Oily secretion in the area of anus for tested dose from 4.64 mL/kg bw to 46.4 mL/kg bw
Decrease in daily food intake :
- at dose 31.6 mL/kg bw, female food intake decreased of 28 % on first observation day and 11 % on 2nd observation day.
- at dose 46.4 mL/kg bw, female food intake decreased of 32 % on first observation day and 49 % on 2nd observation day.

No additional data.

Interpretation of results:
other: no mortality up to 46.4 mL/kg b.w.
Remarks:
Criteria used for interpretation of results: EU
Conclusions:
No mortality was observed in rats up to 46.4 mL/kg b.w., the highest dose tested.
Executive summary:

The toxicity of BP Solvent IH/Isohexadecan in Sprague-Dawley rats was tested by gavage of the undiluted liquid test substance as supplied. The animals were observed for 4 weeks after treatment. At the end of observation period, they were killed and a necropsy was performed. The test doses were 2.15, 4.64, 10.0, 21.15, 31.6 and 46.4 mL/kg bw.

Five males and five females were tested at the three lower doses while 10 rats of both sexes were treated at the three higher dose groups. No mortality was observed at any tested dose. Sublethal effects were noted such as oily secretion in the area of anus for tested dose from 4.64 mL/kg bw to 46.4 mL/kg bw. Moreover, 28% and 11% daily food intake decrease was recorded in females treated at 31.6 mL/kg bw on the first and the second day of observation, respectively. The same effects (32% and 49% food intake decreases) were observed at the 24 and 48-hour observation periods in females treated with the highest dose. Decrease of body weight intake was also observed on first observation day in treated females at 46.4 mL/kg bw, corresponding to 37 g/kg bw.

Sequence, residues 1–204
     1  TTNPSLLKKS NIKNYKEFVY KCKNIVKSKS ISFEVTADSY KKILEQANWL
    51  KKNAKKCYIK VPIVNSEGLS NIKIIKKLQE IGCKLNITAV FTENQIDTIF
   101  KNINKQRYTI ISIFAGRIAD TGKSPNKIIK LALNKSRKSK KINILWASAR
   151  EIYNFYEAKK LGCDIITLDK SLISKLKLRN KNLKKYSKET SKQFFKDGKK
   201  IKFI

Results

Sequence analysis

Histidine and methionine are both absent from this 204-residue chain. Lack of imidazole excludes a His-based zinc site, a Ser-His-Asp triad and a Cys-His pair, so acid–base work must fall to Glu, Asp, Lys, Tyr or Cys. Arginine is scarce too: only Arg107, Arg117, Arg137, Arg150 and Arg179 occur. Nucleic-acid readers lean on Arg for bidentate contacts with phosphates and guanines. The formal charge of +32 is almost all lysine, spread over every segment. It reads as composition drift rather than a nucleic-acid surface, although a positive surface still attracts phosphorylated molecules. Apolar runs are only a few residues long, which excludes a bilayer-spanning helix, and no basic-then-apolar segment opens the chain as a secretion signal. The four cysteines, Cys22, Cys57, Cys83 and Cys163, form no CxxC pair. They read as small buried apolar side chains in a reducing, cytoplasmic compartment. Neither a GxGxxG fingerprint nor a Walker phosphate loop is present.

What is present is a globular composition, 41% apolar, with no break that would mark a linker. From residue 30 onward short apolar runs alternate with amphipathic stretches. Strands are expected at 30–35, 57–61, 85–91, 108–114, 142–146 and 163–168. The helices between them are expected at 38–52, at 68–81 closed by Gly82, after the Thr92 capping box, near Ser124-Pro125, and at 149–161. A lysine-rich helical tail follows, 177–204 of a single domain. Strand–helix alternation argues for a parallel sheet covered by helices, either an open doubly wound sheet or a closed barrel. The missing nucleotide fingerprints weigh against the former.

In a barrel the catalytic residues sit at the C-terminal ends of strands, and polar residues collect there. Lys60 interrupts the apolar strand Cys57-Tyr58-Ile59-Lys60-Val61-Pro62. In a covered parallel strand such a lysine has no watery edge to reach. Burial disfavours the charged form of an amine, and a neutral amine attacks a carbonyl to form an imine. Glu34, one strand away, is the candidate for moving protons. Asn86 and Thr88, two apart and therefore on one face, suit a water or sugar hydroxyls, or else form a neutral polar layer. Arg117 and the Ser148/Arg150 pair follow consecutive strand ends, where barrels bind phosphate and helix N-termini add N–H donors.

No LD50 was determined.

Endpoint conclusion
Endpoint conclusion:
no adverse effect observed
Dose descriptor:
LD50
Quality of whole database:
Only key study available

Acute toxicity: via inhalation route

Link to relevant study records

Referenceopen allclose all

Endpoint:
acute toxicity: inhalation
Type of information:
experimental study
Adequacy of study:
key study
Study period:
1995/07/28-1995/09/08
Reliability:
1 (reliable without restriction)
Rationale for reliability incl. deficiencies:
other: According to or similar to guideline study OECD 403: GLP
Justification for type of information:
A discussion and report on the read across strategy is given as an attachment in IUCLID Section 13.
Reason / purpose for cross-reference:
read-across: supporting information
Qualifier:
equivalent or similar to guideline
Guideline:
OECD Guideline 403 (Acute Inhalation Toxicity)
GLP compliance:
yes
Test type:
standard acute method
Limit test:
yes
Species:
rat
Strain:
other: Crl: CDBR
Sex:
male/female
Details on test animals or test system and environmental conditions:
TEST ANIMALS
- Source: Charles River Laboratories, Kingston Facility, Stone Ridge, New York
- Age at study initiation: Group 1, approximately 6-7 weeks; Group 2, approximately 8-9 weeks
- Weight at study initiation: Group 1 males, 182 to 208 grams; Group 1 females, 171 to 184 grams; Group 2 males, 315 to 339 grams; Group 2 females, 220 to 232 grams
- Fasting period before study: none
- Housing: Single housed during study period, suspended stainless steel and wire mesh
- Diet (e.g. ad libitum): Certified Rodent Diet #5002 from PMI Feeds, Inc. Richmond, Indiana, ad libitum during non-exposure periods. Food was withheld while animals were in chamber.
- Water (e.g. ad libitum): Automatic watering system, ad libitum during non-exposure periods. Water withheld while animals were in chamber.
- Acclimation period: At least 12 days


ENVIRONMENTAL CONDITIONS
- Temperature (°C): 68-76 degrees F in animal room; 70-74 degrees F in exposure chamber